Stop looking at your marital fights as something to win or lose. Instead, try your hardest to frame your argument as a healthy conversation between two deeply committed, mature partners, said Amy Kipp, a couples and family therapist in San Antonio, Texas.

“Instead of looking at it as a conflict, view the argument as a problem you are working on together. This allows more room for a resolution that meets the needs of everyone,” she said. “Being constantly at odds with your partner creates a you-against-me dynamic. Conversely, being able to view an issue as one that you are jointly solving creates feelings of connection and teamwork.”

Instead of stonewalling or shrugging off your spouse, try to acknowledge what they’re feelings, said Amanda Deverich, a marriage and family therapist in Williamsburg, Virginia. Simply saying “I can see why you feel that way….” or “it makes sense you thought that…” goes a very long way when you’re trying to de-escalate your emotions.

“Validating your spouse’s feelings doesn’t mean you’re giving up your own truth, it just helps you reach a compromise,” Deverich explained before offering up an example.

“Let’s say you were supposed to look after the kids when you came back from work,” she said, noting you arrived home to do this at 7 p.m. “If your spouse remembers you saying you’d be home by 6 p.m. but you don’t recall saying that, you could validate it by saying, ‘I can see why you’d be frustrated if you thought that, given how many times I’ve been late in the past.”

It may be tempting to insist you said 7 p.m. on the dot, but ultimately, what’s the point?

“That will just culminate into a fight over facts, and while facts are important, they’re a lot less important than an apology, understanding and ultimately a change in behavior,” Deverich said.

If you need to go to bed angry because you have no energy left at midnight, by all means, go to bed angry. If you need to table the conversation because it’s 7 p.m. and you’re mega hangry, do it. What matters most is tackling your problem when you’re both in the right state of mind to see it through, said Zach Brittle, a a mental health counselor who works with couples in Seattle, Washington.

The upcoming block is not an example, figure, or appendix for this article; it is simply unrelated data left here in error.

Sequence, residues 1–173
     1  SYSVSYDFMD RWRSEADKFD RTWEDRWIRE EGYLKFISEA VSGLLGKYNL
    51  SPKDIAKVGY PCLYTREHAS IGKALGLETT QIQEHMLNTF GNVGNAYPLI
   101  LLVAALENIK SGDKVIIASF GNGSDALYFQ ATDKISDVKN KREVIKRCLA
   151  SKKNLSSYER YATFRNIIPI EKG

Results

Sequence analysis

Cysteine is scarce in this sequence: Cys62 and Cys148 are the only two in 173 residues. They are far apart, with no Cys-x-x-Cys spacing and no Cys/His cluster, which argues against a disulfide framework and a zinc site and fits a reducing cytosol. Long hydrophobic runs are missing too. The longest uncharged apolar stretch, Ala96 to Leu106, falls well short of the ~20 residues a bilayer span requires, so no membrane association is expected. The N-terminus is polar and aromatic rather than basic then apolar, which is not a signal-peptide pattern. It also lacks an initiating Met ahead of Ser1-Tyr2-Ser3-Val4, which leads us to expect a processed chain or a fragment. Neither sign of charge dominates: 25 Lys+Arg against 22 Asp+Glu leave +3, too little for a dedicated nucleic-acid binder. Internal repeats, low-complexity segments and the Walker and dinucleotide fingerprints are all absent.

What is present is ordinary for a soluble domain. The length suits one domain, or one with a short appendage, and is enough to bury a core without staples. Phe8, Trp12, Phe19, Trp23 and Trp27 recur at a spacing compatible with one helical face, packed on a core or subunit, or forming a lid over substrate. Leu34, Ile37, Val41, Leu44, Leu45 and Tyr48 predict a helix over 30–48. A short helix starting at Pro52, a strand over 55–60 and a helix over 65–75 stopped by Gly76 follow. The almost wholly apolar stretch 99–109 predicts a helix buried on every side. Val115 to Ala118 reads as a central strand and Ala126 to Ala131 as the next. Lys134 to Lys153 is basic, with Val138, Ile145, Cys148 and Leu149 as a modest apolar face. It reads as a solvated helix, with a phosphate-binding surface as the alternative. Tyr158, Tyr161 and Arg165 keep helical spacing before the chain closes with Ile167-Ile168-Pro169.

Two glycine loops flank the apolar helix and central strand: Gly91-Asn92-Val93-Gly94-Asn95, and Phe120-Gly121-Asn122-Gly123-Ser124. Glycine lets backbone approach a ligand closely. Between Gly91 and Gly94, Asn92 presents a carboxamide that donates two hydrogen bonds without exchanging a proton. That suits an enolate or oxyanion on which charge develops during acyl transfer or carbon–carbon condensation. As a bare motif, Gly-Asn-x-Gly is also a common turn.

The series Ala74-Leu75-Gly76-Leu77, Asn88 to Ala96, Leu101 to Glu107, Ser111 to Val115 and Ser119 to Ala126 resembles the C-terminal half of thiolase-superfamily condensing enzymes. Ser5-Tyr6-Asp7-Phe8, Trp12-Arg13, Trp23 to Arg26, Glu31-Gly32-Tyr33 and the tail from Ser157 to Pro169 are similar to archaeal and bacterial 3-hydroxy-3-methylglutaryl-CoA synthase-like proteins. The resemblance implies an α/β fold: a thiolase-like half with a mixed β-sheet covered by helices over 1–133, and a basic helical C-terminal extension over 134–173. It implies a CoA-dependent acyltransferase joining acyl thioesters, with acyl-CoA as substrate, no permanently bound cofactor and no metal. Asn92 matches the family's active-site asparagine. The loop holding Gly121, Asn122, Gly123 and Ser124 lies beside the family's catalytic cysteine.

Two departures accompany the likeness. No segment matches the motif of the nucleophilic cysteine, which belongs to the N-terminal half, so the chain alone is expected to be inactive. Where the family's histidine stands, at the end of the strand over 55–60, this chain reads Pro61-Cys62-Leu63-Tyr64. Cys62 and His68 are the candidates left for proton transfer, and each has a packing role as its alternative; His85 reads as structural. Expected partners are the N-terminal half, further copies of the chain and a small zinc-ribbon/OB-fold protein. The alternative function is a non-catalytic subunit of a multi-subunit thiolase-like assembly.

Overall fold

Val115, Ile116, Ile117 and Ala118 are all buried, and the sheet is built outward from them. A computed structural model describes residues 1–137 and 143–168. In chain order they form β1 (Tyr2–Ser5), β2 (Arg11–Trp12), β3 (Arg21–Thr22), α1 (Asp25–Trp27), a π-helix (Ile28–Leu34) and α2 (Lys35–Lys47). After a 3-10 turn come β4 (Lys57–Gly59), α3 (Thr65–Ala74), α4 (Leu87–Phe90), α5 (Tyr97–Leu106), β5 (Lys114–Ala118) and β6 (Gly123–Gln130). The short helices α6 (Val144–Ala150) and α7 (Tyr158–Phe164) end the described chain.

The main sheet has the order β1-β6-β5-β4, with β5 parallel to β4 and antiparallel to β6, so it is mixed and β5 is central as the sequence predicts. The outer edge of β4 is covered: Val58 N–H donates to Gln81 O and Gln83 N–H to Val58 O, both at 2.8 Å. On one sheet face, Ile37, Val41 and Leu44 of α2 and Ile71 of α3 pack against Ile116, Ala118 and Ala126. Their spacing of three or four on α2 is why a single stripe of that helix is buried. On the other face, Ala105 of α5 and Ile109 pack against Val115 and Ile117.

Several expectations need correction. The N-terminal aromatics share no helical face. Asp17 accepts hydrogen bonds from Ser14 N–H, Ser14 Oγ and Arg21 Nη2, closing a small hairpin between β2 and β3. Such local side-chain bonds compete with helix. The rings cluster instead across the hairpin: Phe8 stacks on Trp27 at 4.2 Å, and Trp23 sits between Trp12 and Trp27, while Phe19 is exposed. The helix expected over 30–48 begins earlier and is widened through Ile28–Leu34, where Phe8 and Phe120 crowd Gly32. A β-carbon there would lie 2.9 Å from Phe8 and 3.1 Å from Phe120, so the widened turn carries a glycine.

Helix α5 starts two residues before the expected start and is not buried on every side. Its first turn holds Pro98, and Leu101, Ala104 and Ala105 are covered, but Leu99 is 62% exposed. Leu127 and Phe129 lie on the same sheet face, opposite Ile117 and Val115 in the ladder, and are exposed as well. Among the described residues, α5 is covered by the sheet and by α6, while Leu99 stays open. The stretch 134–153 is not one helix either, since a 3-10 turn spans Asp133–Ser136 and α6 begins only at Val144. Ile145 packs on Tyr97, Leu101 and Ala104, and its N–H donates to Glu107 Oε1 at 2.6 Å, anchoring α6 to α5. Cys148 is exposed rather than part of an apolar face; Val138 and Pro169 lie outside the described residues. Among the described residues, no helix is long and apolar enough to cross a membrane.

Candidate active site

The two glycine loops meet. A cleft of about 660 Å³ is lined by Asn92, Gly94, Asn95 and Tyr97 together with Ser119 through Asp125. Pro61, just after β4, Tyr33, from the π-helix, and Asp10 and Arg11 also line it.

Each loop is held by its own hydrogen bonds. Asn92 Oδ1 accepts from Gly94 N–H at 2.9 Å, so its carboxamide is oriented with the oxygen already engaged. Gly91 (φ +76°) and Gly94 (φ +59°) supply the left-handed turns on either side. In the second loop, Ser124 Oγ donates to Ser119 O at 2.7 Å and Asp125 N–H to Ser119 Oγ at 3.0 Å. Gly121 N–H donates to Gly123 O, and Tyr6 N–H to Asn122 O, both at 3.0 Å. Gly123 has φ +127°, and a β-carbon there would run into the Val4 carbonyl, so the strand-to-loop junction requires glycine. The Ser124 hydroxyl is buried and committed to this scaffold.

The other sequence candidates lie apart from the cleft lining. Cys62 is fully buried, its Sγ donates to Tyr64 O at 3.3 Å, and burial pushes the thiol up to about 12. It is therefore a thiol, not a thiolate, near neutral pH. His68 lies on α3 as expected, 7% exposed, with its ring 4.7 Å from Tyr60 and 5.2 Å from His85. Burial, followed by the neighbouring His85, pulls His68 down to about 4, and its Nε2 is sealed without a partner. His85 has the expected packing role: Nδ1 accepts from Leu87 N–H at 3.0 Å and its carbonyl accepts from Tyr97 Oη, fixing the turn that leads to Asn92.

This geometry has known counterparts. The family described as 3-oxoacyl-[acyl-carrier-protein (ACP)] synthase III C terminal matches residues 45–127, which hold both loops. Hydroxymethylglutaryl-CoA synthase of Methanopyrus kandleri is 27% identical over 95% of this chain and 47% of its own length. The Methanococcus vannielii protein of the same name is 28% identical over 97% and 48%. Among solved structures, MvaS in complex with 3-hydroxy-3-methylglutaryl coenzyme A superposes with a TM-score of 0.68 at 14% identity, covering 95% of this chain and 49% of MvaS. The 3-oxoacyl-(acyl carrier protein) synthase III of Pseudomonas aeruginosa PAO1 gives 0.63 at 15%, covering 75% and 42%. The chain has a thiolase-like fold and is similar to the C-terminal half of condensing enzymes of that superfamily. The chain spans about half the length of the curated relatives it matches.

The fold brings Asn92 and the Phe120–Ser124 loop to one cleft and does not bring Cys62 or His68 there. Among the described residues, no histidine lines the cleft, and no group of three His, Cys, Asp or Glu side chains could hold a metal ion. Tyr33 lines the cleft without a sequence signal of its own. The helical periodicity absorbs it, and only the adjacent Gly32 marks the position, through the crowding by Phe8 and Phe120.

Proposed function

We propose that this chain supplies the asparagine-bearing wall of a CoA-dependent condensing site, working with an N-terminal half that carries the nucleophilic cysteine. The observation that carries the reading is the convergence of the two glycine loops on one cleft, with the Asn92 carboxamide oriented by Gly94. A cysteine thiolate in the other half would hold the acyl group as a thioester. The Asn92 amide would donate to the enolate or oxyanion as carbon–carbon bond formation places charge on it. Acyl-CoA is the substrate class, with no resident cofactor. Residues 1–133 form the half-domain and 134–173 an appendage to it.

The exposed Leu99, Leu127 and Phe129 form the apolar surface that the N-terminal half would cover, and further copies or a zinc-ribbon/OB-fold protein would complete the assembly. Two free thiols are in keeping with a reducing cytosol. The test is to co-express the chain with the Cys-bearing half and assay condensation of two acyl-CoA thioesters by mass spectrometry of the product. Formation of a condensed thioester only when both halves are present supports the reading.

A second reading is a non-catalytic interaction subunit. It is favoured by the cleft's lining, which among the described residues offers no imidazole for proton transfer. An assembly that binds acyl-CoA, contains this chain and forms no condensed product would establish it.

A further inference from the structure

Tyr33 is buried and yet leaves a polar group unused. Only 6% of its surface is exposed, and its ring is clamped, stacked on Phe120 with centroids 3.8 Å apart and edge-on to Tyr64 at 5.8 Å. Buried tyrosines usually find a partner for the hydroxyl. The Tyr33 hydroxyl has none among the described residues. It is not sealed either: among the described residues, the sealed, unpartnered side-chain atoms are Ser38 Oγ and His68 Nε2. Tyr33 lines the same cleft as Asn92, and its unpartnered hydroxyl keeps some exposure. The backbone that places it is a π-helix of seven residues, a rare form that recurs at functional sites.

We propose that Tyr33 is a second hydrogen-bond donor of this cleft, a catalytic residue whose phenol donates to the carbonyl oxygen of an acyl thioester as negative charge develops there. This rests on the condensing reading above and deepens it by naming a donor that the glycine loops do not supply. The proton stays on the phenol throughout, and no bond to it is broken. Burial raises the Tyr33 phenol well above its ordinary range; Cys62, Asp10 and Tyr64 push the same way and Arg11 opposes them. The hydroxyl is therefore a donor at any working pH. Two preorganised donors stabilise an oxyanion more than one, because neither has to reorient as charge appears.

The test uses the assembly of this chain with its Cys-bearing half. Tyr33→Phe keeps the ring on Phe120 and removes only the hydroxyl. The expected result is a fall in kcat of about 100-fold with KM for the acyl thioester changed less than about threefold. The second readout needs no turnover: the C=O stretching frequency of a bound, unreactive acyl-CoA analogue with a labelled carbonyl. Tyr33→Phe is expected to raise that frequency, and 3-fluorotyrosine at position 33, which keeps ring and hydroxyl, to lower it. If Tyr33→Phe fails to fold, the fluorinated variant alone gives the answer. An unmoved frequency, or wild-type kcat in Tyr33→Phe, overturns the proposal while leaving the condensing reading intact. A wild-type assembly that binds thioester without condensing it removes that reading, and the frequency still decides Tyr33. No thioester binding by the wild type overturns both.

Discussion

“It’s not about resolving. It’s about staying connected,” he said. “Repairing the problem can occur during or after an argument.”

When you’re ready to talk, Brittle said effective repair requires three things: “Accepting responsibility for how your choices affected your spouse, expressing empathy for the impact of those choices and articulating some new commitment to change,” he explained. “None of those steps require the words ‘I’m sorry’ but each of them is a kind of repair.”

Unless your spouse explicitly told you how they feel, don’t build a case against them in your head based on what you assume they’re thinking, Petruk said.

“Couples will often say, ‘I know he or she was thinking this or that…’ and put their own spin on their partners’ behaviors or words without checking it out first,” she said. “That’s the wrong way to go about it; you have to enter the conversation with questions rather than accusations. Check in and see if what you’ve been telling yourself is accurate.”

Unfortunate as it sounds, there are some issues that will likely play out for the lifespan of your relationship, Kipp said. Once you make your peace with that, you’ll be better equipped to navigate the smaller fights you have about these issues, she explained.

“There will be issues that are just going to be unsolvable, perpetual problems in your relationship,” she said. “If you are always on time and your partner is always running late, that is likely to be an ongoing source of frustration. But learning to talk about the problem respectfully and with acceptance for one another means that no one feels attacked.”